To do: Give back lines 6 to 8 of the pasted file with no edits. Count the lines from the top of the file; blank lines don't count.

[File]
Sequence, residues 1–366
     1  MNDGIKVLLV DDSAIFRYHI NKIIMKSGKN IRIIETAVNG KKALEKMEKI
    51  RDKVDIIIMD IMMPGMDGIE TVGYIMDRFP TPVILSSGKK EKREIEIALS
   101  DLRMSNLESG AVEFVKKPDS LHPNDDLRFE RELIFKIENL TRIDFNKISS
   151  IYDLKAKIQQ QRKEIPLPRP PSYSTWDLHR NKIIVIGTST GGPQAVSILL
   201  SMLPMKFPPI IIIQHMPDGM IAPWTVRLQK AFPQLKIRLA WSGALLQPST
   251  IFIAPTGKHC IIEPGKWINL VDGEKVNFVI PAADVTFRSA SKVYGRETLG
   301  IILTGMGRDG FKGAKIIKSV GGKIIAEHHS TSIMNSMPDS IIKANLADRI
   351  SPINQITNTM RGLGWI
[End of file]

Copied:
   201  SMLPMKFPPI IIIQHMPDGM IAPWTVRLQK AFPQLKIRLA WSGALLQPST
   251  IFIAPTGKHC IIEPGKWINL VDGEKVNFVI PAADVTFRSA SKVYGRETLG
   301  IILTGMGRDG FKGAKIIKSV GGKIIAEHHS TSIMNSMPDS IIKANLADRI